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1 March 2017 Empowering State Agencies through National and International Community Forestry Policies in Bangladesh
P.k. Sarker, MD. S. Rahman, L. Giessen
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New policies have the potential to enhance the role of specific public administrations in relation to other agencies active in a particular field. This is especially true for international interventions, which are often used by domestic actors to increase their power capabilities. International, donor driven initiatives on community forestry (CF) is a timely example forest policy. Before this background, this study aims to (i) analyse the distributive effects of international and domestic community forestry policies on the power capabilities of relevant public agencies in Bangladesh, and (ii) identify the bureaucracies, which, relative to their competing agencies, gain most power capabilities over time. The analytical framework combines concepts derived from power theory and bureaucratic politics to explain increases in an organisation’s power, based on a full survey of domestic public and foreign donor-induced CF policies (n = 68) from 1992–2014. Policy-derived tasks assigned to specific bureaucracies are used as indicators of power capability gains. The results indicate that forest bureaucracies, as well as others, such as planning and finance ministries, gain substantial power from CF policies, as do foreign donor agencies. The study concludes that influential bureaucracies set limits and directions for national CF policy development.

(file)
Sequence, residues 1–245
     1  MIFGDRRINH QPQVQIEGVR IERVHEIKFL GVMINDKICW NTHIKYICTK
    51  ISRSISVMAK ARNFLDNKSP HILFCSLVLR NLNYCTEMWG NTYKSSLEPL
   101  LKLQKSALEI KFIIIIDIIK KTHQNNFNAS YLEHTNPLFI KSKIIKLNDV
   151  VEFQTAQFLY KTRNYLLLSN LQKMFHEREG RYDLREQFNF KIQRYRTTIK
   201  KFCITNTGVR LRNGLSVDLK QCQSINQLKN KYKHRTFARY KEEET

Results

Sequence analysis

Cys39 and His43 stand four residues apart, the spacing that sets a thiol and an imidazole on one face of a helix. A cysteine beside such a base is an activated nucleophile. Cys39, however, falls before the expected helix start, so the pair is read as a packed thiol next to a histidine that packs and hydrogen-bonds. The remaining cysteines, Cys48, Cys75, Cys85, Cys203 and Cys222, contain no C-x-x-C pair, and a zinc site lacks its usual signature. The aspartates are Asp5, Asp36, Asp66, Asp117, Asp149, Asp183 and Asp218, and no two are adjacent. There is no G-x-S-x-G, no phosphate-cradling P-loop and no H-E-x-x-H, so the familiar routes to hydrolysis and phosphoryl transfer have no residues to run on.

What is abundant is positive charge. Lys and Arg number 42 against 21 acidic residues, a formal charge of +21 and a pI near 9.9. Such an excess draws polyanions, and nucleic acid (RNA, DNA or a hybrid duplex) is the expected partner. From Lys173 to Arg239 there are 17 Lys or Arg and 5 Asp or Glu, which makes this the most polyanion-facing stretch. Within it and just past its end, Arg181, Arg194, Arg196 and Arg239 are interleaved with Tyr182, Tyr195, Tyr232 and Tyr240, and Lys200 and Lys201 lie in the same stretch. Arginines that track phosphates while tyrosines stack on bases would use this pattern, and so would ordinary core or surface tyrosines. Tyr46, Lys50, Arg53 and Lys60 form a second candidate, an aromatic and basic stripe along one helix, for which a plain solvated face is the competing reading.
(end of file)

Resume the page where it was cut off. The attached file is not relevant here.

P.k. Sarker, MD. S. Rahman, and L. Giessen "Empowering State Agencies through National and International Community Forestry Policies in Bangladesh," International Forestry Review 19(1), 79-101, (1 March 2017).
Published: 1 March 2017

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